Notes from a Small Island

By Bill Bryson

After nearly two decades in Britain, Bill Bryson decides to go home. To America. But before he flies across the pond, he decides to tour the country (‘like wandering through a much-loved home for a last time’), by public transport (despite everybody’s somewhat discouraging ‘Gosh, you’re brave’). ‘Notes from a Small Island’ is, then, his parting gift to his foster country, one that will amuse any Brit with a healthy sense of humour. As for the others, this book is a hoot – Bryson cracks you up with his trademark wit, as he threads his way up from Dover (in England) though Wales (where the towns ‘had names that sounded like a cat bringing up a hairball: Llywyngwril, Dyffryn Ardudwy…’) to John O’ Groats (in Scotland), all the while remembering to go ‘ooh, lovely’ when he’s presented with a cup of milky tea. Along the way, he celebrates the beautiful – landscapes that are ‘exceedingly fetching, a hang-glider’s vista over the meandering river’ – but is not shy to criticise. The weather gets its fair-share of diatribe (‘that special English kind of drizzle that hangs in the air and saps the spirit’), as does the Brits’ famous reaction to its inclemency (‘274 people with blue lips and dancing hair were trying to convince themselves that because the sun is shining they couldn’t possibly be cold’).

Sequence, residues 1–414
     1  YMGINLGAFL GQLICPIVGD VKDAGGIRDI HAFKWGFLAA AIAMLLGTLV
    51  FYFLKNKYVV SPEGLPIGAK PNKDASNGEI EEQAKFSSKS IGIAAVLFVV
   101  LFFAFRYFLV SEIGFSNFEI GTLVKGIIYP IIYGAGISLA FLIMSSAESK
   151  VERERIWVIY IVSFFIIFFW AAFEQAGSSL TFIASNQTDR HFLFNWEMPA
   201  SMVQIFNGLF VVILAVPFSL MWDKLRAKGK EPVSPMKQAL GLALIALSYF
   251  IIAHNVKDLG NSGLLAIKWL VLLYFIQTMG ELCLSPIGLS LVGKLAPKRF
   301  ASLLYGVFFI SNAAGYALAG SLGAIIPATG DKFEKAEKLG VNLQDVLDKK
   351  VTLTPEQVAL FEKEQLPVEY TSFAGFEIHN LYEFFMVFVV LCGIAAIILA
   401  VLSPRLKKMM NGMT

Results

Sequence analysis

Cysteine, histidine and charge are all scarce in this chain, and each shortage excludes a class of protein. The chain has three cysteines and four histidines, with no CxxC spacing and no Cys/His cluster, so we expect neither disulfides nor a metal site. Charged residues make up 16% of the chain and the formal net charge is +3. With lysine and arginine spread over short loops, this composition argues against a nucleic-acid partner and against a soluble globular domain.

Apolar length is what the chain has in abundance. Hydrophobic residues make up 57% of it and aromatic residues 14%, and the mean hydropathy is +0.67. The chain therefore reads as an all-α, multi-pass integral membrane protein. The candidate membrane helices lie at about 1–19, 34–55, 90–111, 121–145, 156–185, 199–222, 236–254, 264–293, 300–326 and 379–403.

It works because

Well, it’s a Bill Bryson book! If that’s not a good enough, how about it’s reputation as one of the finest travelogues on Britain? An accolade it easily deserves given that it is engagingly funny, plus, it cleverly weaves in interesting bits of history and is generously spiced with statistics – trademark Bryson touch! With an incredible eye for detail, Bryson presents the reader an under-the-skin, contemporary slice of Britain, and his razor-sharp social commentaries, encompassing the gritty and the great are especially delightful. With a largely American ‘voice’ he likens North Wales to holiday hell, rubbishes Liverpool for having a festival of litter and loses his cool, over an apple-turnover in Edinburgh. His biggest lament? Britain, with ‘more heritage than is good for them’, looks at it ‘as a kind of inexhaustible resource’. Why, in his ‘Yorkshire village alone, there are more seventeenth century buildings than in the whole of North America’. There, classic Bryson!

And this one stays with you

‘Can you imagine trying to talk 600 people into helping you drag a 50-ton stone 18 miles across the countryside, muscle it into an upright position and then saying, ‘Right, lads! Another twenty like that, plus some lintels and maybe a couple of dozen nice bluestones from Wales, and we can party!’. Whoever was the person behind Stonehenge was one dickens of a motivator, I’ll tell you that.’

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